Goodbye to a legend

Kayla Oakley

Critically-acclaimed actor and comedian
Robin Williams passed away
at the age of 63 on August 11th and
the nation is still reeling in the wake
of his death. He was an iconic actor,
winning Golden Globes for his
work in Mork & Mindy, Good Morning,
Vietnam, The Fisher King, Mrs.
Doubtfire and Good Will Hunting.
Williams was also known for his
work in stand-up comedy. His ability
to jump between different personas
and voices at the drop-of-a-hat was
unparalleled.
“I was sad when he died because
he was a really good actor.” Sophmore
Gianna Balducci said. “I really liked
him in Mrs. Doubtfire.”
Williams’ versatile acting abilities
allowed him to play a range of different
characters. One of his most iconic
roles was the Genie from the popular
Disney film Aladdin. In the film, a
lowly street-urchin falls in love with
a princess and calls upon the help of a
genie to win her heart.
As the Genie, Williams called his
abilities as a slapstick comedian to
the forefront. Much of his work was
improvised, which is abnormal for
voice-acting.
In some scenes, Williams was given
dialogue suggestions, but would
then be allowed to improvise what
the Genie said. The animators worked
around his material rather than having
Williams work around their animations.
Another mentionable children’s
movie Williams was in was Disney’s
Flubber. In the film, Williams played
an absent-minded professor named
Philip Brainard. In the movie, Brainard
invents a substance which his
robot assistant classifies as “flying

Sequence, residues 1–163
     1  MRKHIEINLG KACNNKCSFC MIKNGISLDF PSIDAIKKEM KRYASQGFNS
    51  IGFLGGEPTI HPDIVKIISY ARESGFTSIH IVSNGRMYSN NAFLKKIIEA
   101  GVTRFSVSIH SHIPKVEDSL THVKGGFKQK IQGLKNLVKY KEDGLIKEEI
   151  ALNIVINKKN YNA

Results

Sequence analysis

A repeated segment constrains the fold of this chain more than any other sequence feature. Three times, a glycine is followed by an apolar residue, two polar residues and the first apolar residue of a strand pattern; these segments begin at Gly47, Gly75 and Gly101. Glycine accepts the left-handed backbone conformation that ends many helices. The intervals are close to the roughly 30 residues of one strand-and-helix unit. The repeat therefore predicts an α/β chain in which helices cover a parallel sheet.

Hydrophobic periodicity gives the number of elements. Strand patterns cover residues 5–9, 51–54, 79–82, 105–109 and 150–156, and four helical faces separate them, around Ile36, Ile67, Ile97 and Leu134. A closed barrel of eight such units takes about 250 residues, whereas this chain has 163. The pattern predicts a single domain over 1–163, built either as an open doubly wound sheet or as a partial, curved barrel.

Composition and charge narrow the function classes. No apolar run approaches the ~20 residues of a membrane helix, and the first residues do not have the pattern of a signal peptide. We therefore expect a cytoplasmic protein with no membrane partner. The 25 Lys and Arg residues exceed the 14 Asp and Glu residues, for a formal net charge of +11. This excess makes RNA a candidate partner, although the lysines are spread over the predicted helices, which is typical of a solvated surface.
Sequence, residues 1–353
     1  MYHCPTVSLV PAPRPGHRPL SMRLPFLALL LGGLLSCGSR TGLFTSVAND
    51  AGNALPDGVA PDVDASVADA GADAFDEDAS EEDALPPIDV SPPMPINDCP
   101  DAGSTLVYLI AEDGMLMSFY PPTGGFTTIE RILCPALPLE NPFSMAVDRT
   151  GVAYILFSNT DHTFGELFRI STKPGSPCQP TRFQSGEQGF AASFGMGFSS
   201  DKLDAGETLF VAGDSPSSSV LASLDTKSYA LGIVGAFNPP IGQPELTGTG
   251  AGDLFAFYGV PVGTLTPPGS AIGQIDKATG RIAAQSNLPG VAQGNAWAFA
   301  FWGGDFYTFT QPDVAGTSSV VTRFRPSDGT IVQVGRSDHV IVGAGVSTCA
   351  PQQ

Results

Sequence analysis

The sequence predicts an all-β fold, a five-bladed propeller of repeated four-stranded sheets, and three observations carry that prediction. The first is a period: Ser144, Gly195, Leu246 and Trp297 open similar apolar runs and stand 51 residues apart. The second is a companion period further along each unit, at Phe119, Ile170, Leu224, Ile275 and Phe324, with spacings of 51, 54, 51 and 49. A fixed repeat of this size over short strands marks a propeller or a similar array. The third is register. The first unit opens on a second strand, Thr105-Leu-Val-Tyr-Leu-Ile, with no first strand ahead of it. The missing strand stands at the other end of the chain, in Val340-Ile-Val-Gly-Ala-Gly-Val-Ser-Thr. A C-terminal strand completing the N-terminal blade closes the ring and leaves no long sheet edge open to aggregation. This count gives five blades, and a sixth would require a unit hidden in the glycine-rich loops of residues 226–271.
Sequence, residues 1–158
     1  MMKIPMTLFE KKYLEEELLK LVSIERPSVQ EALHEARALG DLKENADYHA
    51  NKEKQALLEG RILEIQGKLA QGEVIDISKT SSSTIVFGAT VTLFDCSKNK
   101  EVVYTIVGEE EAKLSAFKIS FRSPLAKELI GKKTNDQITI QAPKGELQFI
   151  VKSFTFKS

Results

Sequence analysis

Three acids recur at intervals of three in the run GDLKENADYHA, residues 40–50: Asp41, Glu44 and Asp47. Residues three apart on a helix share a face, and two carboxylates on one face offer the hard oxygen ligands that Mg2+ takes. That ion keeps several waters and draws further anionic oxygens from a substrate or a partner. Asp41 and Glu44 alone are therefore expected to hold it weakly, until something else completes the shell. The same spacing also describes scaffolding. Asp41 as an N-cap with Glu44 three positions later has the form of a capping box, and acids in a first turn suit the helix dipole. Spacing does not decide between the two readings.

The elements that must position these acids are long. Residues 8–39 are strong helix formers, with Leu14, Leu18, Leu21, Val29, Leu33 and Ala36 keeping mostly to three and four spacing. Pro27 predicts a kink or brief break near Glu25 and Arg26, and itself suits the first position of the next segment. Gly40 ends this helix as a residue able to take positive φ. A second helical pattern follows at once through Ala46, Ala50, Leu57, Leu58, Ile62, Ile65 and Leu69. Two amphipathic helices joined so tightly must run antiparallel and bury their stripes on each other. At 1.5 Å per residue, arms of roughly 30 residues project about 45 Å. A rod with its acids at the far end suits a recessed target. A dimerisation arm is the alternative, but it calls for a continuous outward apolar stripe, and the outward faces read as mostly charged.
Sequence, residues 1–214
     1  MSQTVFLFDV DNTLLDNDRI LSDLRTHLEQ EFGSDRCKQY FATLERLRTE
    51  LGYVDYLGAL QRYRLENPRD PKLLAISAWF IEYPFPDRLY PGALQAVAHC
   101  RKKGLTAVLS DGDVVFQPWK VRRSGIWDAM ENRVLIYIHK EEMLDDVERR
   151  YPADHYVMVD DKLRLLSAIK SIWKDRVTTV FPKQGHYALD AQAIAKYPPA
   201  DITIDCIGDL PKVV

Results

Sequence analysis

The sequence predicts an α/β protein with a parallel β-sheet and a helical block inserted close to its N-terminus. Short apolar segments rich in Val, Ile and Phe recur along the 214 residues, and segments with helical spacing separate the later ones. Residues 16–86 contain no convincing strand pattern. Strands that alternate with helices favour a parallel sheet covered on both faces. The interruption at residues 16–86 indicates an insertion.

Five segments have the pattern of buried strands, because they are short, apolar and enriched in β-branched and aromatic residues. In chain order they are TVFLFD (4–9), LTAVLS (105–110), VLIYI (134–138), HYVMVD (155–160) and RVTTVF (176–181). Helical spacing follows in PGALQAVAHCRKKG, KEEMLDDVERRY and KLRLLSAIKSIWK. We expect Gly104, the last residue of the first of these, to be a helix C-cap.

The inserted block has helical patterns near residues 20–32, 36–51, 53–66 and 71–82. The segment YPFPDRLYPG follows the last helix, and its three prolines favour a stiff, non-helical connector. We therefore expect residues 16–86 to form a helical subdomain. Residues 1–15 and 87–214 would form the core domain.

rubber” which the professor names
“Flubber”.
Through a series of misadventures,
Brainard saves the college he works at
and goes onto marrying the woman of
his dreams.
A hallmark kid’s movie of the 90’s,
Flubber is just one of the movies that
Williams granted his genius actingstyle
to. Other notable comedic children
movies Williams acted in include
Hook, Mrs. Doubtfire and Night
at the Museum.
Not only was Williams a strong comedic
actor, he gave powerful, serious
performances in movies as well. Some
of his more serious works include
Awakenings, Bicentennial Man and
The Dead Poet’s Society.
In Awakenings, Williams played a
doctor named Malcolm Sayer. Sayer
worked in the coma ward of a hospital
in New York City. Sayer found that
certain stimuli, distinctive in each patient,
would pull the patients out of
their catatonic states. Although giving
a very moving performance as the
doctor, Williams’ role in this movie is
often forgotten and overshadowed by
the performance given by Robert De
Niro.
In one of his most inspirational
roles, Williams played John Keating
in The Dead Poet’s Society. As an unorthodox
English teacher at a conservative
school, Keating teaches his students
to look at English in a different
light. He tells his students to refer to
him as “O Captain! My Captain!” referring
to a poem by Walt Whitman.
“I really liked the Dead Poet Society.”
Sophomore Emma Burke said.
“We watched it in class last year, and
it was really deep.”
“No matter what people tell you,
words and ideas can change the
world.” -Robin Williams

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